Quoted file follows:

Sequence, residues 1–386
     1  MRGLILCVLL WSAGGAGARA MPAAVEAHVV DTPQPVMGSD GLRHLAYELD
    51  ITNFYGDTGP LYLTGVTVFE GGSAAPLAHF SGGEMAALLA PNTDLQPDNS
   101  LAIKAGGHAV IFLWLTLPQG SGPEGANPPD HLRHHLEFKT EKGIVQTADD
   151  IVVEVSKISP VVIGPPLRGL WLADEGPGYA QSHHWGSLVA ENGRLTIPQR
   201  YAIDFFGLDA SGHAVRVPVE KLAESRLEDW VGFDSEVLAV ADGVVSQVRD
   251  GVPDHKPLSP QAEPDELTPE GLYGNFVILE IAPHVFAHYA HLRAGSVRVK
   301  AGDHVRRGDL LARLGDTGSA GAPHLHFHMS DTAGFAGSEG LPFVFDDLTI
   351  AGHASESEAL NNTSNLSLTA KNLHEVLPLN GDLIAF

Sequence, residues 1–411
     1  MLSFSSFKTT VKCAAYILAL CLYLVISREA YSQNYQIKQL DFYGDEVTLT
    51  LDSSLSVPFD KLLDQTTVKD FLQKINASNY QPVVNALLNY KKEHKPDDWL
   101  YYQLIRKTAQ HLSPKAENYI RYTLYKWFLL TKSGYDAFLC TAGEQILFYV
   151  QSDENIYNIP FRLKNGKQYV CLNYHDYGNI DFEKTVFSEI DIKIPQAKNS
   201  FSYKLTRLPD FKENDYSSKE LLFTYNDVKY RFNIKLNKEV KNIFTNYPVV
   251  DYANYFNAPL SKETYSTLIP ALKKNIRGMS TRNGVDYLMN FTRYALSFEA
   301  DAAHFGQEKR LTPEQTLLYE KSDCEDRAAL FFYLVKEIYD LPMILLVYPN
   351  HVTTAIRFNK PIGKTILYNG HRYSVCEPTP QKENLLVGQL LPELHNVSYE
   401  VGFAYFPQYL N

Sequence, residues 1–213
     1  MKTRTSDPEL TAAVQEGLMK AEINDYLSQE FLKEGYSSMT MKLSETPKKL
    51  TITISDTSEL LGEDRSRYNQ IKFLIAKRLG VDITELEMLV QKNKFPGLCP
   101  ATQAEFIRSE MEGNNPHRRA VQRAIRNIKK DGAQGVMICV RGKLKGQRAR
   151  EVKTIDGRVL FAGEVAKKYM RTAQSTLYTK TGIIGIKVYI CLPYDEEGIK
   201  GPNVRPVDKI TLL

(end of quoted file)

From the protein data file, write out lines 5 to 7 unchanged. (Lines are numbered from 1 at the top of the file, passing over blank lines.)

   151  IVVEVSKISP VVIGPPLRGL WLADEGPGYA QSHHWGSLVA ENGRLTIPQR
   201  YAIDFFGLDA SGHAVRVPVE KLAESRLEDW VGFDSEVLAV ADGVVSQVRD
   251  GVPDHKPLSP QAEPDELTPE GLYGNFVILE IAPHVFAHYA HLRAGSVRVK